Good morning! Here’s what you need to know in markets on Wednesday.
1. Chaos erupted in Zimbabwe prompting rumours of a coup. Multiple explosions were heard and soldiers stormed the state broadcaster before announcing their actions were “not a military takeover.”
2. A survey from Bank of America Merrill Lynch found that investors think stocks are over-valued, but a record number recently took on increased levels of risk. Investors also think these risky positions are “crowded trades,” meaning there could be a damaging rush to the exits.
3. DRW, a Chicago-based firm, is looking to set up a bitcoin trading desk in Singapore to dominate the cryptocurrency market in Asia. The firm has been in the bitcoin game since 2014 via its division Cumberland Mining, which already operates over-the-counter bitcoin trading desks in Chicago and London. Bobby Cho, the head of over-the-counter trading for Cumberland, told Business Insider the firm is preparing to start up operations in Singapore well-before year-end.
4. President Donald Trump’s economic team is reportedly considering Allianz economist and former CEO of bond fund giant Pimco Mohamed El-Erian for one of four open seats on the Federal Reserve’s powerful Washington-based board of governors. The news was first reported by Dow Jones Newswires, which is part of The Wall Street Journal. They cited a source familiar with the matter
5. Warren Buffett’s Berkshire Hathaway raised its stake in Apple by 3%, to 134 million outstanding shares, in the third quarter, a regulatory filing released on Tuesday showed. The conglomerate owned about 2.6% of Apple shares as of September 30, the 13F filing for the quarter ended September 30 showed. That made Berkshire the fifth-largest owner of Apple’s outstanding shares, according to Bloomberg data.
6. David Lipton, the deputy managing director of the International Monetary Fund, has warned of the potentially “costly” consequences of the fragmentation of banking and capital markets in Europe in the aftermath of Brexit. In a speech at Swiss bank UBS’ annual European Conference, Lipton — a former Clinton and Obama administration official — said that Brexit will serve to focus “our minds on the future of the financial system architecture,” on the continent, but made clear that fragmenting functions is in no one’s best interests.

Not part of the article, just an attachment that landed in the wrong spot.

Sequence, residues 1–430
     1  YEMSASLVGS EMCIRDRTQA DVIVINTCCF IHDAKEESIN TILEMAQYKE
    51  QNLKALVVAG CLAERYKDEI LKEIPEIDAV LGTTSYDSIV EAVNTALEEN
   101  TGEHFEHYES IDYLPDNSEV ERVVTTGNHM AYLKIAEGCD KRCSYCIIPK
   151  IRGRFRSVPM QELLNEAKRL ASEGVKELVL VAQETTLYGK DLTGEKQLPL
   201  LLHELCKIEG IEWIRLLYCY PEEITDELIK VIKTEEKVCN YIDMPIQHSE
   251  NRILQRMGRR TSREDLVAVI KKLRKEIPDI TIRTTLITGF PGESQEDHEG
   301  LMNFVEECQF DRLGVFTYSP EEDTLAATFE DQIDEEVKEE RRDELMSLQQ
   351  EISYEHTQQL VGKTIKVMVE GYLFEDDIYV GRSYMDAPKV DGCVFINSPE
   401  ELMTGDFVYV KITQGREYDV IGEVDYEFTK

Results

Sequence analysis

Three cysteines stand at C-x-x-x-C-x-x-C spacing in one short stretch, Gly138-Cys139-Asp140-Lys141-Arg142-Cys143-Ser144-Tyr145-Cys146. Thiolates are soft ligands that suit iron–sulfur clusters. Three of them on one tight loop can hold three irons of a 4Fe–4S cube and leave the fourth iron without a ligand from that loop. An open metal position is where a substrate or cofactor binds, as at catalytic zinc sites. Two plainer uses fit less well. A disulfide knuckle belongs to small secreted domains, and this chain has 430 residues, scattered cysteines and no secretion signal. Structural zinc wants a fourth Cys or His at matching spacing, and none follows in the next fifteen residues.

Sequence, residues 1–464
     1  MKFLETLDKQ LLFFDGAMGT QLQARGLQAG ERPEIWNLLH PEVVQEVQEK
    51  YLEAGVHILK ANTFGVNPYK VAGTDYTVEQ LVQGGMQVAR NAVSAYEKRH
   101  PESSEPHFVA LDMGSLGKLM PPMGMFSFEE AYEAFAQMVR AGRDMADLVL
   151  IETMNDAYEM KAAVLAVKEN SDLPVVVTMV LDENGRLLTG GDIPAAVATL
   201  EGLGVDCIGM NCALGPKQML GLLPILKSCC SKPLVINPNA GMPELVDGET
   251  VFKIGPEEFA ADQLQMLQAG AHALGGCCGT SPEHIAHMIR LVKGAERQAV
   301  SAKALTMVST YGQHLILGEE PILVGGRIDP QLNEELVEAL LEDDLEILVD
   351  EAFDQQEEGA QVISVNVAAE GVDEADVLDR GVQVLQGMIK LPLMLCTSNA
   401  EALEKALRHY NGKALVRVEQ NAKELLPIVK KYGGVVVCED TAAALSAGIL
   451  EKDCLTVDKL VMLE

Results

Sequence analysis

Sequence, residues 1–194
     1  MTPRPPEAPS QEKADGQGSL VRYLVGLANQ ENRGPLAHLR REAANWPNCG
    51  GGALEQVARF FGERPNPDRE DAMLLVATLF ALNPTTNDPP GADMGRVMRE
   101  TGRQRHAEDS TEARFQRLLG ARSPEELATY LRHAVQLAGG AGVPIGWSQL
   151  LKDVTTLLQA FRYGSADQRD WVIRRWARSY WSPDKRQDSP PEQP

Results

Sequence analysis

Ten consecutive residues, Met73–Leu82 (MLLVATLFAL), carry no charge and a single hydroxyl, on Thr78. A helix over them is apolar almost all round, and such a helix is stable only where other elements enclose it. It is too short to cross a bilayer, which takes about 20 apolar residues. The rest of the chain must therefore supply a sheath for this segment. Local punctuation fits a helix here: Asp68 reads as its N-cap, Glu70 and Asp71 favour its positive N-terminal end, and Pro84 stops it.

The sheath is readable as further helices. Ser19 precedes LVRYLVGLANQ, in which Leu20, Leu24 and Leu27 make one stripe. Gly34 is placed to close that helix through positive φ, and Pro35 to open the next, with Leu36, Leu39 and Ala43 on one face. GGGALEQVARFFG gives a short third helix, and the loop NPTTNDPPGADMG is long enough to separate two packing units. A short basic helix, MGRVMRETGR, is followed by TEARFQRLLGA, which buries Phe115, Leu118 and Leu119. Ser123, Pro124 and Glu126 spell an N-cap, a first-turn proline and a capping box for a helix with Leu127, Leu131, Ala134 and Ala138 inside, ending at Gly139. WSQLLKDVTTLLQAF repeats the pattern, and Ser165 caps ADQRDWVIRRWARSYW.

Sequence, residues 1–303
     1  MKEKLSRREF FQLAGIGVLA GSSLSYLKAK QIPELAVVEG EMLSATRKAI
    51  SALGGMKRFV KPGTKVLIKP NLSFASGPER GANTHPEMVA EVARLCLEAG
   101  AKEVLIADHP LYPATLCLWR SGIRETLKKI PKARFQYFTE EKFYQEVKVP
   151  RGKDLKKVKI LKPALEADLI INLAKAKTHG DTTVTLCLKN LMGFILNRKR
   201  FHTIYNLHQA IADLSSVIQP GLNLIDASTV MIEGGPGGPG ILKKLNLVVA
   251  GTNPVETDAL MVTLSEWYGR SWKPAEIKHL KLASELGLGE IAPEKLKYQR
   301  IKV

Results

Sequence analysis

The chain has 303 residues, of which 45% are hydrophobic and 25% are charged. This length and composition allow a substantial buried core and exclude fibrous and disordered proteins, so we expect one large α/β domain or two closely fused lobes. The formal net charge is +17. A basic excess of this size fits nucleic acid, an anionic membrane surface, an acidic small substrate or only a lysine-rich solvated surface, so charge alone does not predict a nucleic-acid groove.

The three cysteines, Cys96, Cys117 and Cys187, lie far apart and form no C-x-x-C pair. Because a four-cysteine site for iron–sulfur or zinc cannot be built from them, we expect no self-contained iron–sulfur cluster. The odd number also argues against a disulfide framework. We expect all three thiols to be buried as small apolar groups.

7. Japan’s Nikkei share average fell to a two-week low on Wednesday, with all sectors in negative territory as investors took profits following a two-month rally that pushed up the market by about 20%. The Nikkei ended 1.6% lower at 22,028.32, its lowest close since October 31.
8. Amazon will be worth $US1 trillion (£763 billion) by the end of 2018, according to a bullish calculation sent to investors by Morgan Stanley. The bank also predicted the firm could hit a $US2,000 (£1,526) share price in the next 12 months. The major reason: Amazon has built several fast-growing businesses on top of its core, massive retail business. Specifically, there’s Amazon Web Services, advertising, and Prime subscriptions.
9. Reddit, the “front page of the internet” that has been ravaged by scandals in its 12-year history, is considering an initial public offering, CEO Steve Huffman reportedly said at an Internet Association summit in San Francisco on Monday. “The time frame is pretty far out,” he said, according to Variety, adding that going public is “the only responsible choice” for the company going forward.
10. A London-startup headed by a Credit Suisse veteran is launching a new debit card that it claims will allow people to spend cryptocurrencies across the UK. The London Block Exchange (LBX) launched on Tuesday. It plans to launch a sterling-to-cryptocurrency exchange and a Visa debit card, dubbed “Dragoncard,” that will allow people to spend bitcoin, ethereum, ripple, litecoin and monero across the UK. The startup plans to add more cryptocurrencies in future.